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This is Lesson 01 in the Mobile Web Development curriculum.

Student Introductions

Take some time to consider why you want to learn about the mobile web. Considering these questions will help to frame your desired outcomes:

  • What is your professional background on the web?
  • Why are you interested in the mobile web?
  • What knowledge and skills do you hope to achieve?

Your Impression of the Mobile Web

Describe your current impressions of the mobile web.

  • Do you currently own a mobile phone or similar device?
  • Have you ever surfed the mobile web on your device? The desktop web?
  • What was the experience like for you? How could it be improved?
  • What are your most and least favorite mobile web sites?
  • Do you think the mobile web and desktop web are inherently different

(I am interested in your responses! Please add yours in the page comments.)

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Mobile Web vs. Desktop Web

Mobile Web Desktop Web
Average Session Length 3 minutes 10 -15 minutes
Min Screen Size 90×60 800×600
Max Screen Size 240×400+ Unlimited
Num Browser Manufacturers 12+ 4 (effectively 2)
Browser Bugs Frequent and permanent Rare and patchable
W3C Standards Spotty. Most are unsupported recommendations. Mature
Popular Markup Languages WML 1.1, WML 1.3, XHTML-MP, XHTML-Basic, cHTML HTML
Scripting Support ~10% of clients 100% of clients
Addressable Clients 3.3 billion 1 billion (desktops and servers)

Curriculum Overview

The purpose of the course is to teach students to build standards-compliant and usable web sites for mobile devices.

This curriculum contains written lectures and hands-on practical content. Each lesson is a mix of learning concepts by reading or listening to lectures and applying concepts by implementing them in a computer lab. Students are expected to understand desktop web development paradigms. See the Mobile Web Development curriculum home page for a syllabus.

Beginning lessons in the curriculum cover these topics in mobile web development and design:

  • Mobile Markup Languages
  • Mobile Web Design Principles
  • Content Adaptation for Mobile Devices (aka Device Adaptation)
  • Markup Optimization
  • Markup Validation
  • Mobile Testing Strategies
  • Mobile Web Deployment Strategies
  • Acquiring Mobile Web Traffic
  • Monetizing Mobile Web Traffic
  • Analyzing Mobile Web Traffic

Advanced lessons dive more deeply into advanced mobile development topics:

  • Optimizing Markup for Advanced Mobile Browsers
  • Mobile Javascript and AJAX
  • Mobile Development Frameworks
  • Playing Well in Mobile Ecosystems
  • Advocating for the Rights of Mobile Developers and Mobile Content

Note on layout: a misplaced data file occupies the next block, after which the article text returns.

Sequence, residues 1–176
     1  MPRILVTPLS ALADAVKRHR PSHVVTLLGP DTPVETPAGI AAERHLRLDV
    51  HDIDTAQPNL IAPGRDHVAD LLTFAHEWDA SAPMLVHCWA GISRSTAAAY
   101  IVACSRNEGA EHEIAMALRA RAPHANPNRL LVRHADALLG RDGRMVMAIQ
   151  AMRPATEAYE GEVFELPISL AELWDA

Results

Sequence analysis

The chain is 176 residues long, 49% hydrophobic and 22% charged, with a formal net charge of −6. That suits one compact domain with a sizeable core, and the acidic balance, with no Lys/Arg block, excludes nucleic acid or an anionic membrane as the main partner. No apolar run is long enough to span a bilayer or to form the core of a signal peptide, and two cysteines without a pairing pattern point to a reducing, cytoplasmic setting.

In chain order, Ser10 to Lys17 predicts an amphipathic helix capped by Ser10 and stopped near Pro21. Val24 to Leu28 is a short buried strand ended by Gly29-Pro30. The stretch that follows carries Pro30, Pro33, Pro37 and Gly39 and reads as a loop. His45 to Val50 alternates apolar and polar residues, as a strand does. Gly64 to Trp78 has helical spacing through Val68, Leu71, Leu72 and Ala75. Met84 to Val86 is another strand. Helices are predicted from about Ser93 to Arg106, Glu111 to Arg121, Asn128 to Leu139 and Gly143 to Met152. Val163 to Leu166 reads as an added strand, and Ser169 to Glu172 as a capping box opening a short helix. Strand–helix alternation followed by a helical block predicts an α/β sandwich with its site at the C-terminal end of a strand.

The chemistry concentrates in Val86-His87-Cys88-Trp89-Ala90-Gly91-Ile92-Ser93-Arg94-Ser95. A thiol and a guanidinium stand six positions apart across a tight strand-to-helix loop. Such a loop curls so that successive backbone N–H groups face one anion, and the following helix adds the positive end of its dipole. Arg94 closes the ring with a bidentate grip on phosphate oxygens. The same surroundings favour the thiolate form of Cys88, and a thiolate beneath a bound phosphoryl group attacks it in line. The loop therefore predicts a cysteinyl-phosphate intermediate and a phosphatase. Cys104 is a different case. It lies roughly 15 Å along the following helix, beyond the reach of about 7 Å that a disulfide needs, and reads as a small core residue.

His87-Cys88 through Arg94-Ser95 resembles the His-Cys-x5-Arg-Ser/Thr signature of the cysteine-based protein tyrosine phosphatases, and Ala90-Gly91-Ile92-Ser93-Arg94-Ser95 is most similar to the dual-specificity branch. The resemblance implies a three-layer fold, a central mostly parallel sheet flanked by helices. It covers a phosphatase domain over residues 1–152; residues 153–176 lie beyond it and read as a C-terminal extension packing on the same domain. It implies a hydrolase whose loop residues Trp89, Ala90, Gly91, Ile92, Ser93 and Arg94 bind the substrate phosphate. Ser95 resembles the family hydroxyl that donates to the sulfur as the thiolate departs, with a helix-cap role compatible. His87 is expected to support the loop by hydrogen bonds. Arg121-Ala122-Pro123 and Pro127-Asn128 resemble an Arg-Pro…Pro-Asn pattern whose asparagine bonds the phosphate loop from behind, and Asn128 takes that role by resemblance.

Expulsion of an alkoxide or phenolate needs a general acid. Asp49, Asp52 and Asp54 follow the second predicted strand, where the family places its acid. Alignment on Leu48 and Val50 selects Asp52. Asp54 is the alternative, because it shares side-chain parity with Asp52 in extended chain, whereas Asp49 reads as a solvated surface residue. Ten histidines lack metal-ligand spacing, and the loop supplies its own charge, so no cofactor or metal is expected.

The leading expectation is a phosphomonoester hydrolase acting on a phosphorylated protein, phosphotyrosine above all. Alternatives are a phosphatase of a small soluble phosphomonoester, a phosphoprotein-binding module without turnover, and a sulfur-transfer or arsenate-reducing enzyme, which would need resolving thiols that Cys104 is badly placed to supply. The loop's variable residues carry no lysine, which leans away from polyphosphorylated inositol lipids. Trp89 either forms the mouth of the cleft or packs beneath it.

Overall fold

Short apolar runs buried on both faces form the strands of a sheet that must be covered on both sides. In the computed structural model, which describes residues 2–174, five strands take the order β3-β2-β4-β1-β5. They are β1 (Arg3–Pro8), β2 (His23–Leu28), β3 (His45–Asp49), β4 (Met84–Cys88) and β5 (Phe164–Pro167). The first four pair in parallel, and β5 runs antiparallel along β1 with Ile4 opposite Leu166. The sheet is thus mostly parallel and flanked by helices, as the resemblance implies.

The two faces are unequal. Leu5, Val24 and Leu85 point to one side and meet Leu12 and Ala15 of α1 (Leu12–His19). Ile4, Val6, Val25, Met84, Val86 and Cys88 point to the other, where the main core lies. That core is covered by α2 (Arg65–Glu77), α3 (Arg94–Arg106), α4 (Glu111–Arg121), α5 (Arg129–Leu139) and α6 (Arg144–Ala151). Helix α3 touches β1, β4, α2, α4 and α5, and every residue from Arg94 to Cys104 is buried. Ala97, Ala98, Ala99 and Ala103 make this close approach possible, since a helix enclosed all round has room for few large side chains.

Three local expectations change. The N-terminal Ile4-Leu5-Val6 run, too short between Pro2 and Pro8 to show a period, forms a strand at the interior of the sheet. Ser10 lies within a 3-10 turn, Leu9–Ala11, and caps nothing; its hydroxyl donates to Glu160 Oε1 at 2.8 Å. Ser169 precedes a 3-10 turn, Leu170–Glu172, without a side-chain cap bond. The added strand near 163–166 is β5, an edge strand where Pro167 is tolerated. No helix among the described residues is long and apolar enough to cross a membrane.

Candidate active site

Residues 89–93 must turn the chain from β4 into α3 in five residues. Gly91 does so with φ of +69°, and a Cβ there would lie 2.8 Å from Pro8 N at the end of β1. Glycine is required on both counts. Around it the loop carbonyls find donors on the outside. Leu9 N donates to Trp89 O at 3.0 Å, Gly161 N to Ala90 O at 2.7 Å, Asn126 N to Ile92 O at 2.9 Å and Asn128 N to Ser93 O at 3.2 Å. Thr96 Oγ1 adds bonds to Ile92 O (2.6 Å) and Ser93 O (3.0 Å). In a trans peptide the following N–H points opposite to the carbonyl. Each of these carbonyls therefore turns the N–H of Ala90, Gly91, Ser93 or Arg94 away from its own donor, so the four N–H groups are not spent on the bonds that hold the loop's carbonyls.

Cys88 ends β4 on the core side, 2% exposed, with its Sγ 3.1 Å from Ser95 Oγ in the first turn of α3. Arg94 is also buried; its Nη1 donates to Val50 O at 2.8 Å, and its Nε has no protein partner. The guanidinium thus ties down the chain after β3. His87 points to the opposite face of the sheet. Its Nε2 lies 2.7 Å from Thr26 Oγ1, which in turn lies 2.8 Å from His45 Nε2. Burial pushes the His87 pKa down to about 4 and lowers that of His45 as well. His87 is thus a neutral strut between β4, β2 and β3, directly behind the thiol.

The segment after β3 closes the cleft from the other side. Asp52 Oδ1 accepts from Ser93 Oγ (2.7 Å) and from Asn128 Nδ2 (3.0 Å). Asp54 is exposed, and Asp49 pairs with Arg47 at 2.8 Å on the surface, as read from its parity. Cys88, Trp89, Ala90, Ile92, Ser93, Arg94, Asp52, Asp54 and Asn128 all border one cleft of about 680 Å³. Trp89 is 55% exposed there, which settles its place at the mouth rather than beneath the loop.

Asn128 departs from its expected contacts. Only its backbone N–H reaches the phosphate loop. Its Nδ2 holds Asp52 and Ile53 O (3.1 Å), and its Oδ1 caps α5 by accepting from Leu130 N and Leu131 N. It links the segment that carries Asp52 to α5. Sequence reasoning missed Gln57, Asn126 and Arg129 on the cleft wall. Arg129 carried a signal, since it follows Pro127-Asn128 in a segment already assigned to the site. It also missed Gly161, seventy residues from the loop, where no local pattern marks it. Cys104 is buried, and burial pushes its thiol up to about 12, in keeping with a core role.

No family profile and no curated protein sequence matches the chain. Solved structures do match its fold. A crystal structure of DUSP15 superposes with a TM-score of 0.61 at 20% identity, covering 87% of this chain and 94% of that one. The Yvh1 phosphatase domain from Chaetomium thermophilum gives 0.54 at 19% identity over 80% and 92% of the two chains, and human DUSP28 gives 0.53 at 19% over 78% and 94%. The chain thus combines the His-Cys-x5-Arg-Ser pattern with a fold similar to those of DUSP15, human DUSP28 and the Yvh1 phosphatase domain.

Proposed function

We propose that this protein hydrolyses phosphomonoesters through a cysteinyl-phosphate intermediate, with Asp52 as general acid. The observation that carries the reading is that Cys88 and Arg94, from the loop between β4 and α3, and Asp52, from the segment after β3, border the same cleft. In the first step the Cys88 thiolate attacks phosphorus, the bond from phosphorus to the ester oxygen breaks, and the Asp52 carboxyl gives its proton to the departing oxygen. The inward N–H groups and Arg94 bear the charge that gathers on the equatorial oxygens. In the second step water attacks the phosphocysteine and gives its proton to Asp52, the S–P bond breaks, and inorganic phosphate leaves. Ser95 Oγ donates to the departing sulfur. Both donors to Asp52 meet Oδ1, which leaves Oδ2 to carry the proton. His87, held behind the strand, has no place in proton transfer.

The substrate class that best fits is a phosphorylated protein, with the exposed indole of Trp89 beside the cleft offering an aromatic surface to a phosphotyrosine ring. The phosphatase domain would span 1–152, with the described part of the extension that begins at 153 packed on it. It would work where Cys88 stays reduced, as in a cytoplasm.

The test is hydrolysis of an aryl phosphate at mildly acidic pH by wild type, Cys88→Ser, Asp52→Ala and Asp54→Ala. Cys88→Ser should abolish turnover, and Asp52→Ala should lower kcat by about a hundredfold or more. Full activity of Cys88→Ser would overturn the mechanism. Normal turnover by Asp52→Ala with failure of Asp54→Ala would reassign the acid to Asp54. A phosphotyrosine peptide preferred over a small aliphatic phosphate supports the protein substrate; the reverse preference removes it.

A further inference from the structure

Questions and comments about the curriculum are strongly encouraged! Please add page comments or contact me directly.

Let’s Communicate!

Questions, comments, suggestions and feedback are encouraged! This curriculum evolves with advances in mobile browsers and mobile web technologies. Please leave comments on the appropriate website pages or contact me directly.

Course Project

The curriculum suggests a course project to encourage you to gain practical implementation experience with mobile web technologies and best practices. The course project is:

  • Build a content-adapted mobile web site in XHTML-MP using design and development principles from this curriculum.

This lesson’s assignment for the course project is:

  • Choose a project topic. Make the topic achievable in the duration of the course.
  • Identify and acquire data sources for your project.
  • Brainstorm and storyboard the mobile web site.

This class doesn’t cover web templating languages (PHP, JSP, ASP.NET, etc). The course project may be implemented as static markup or using a template language. Static sites and web apps are both encouraged! The most important goal is to increase your understanding of mobile web design and technologies.

Here are a few suggested project topics:

  • Create a mobile version of your personal or professional web site.
  • Build a mobile client for a public web service. (i.e. search results, weather, stock quotes, etc.)
  • Mobilize a component of an existing web application.

History of Mobile Markup

This chart, courtesy of Little Sprints Design, tracks the evolution of mobile markup languages over time.

Historical Evolution of Mobile Markup

The mobile web is the Wild, Wild West. Here is a summary of the evolution of mobile markup languages:

Using Mobile Browser Emulators

Please install and learn to use the mobile browser emulators and Firefox add-ons recommended for this course. Many emulators support switching the User-Agent and other request header values to fully impersonate a mobile device. Use the sample User-Agents for mobile devices to experiment with setting these values in an emulator.

Browsing the Mobile Web using an Emulator

Once you have learned how to emulate a mobile browser, use the emulators to browse some popular mobile web sites. Enter the links manually or surf to on your mobile browser.

As you are using these mobile web sites, consider these questions:

  • Does the site function in an emulator?
  • Consider use cases for the mobile web site. Mobile users are extremely goal-directed. What tasks are possible to accomplish quickly on the site? Are these tasks optimized for mobile access?
  • How much scrolling is required to use the site? (One scroll down = one thumbpress on a featurephone)
  • How is the mobile web site similar and different from the desktop version?
  • If the page contains advertising, is the advertising relevant? Positioned well for click-throughs?

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